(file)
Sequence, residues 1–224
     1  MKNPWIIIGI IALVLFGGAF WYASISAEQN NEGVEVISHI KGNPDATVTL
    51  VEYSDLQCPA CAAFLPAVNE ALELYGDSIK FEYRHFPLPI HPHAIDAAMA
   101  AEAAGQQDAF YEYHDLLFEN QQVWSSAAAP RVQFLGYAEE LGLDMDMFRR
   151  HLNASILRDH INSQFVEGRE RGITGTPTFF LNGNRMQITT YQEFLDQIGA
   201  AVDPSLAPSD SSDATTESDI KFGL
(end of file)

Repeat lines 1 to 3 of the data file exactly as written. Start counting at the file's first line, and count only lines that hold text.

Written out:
Sequence, residues 1–224
     1  MKNPWIIIGI IALVLFGGAF WYASISAEQN NEGVEVISHI KGNPDATVTL
    51  VEYSDLQCPA CAAFLPAVNE ALELYGDSIK FEYRHFPLPI HPHAIDAAMA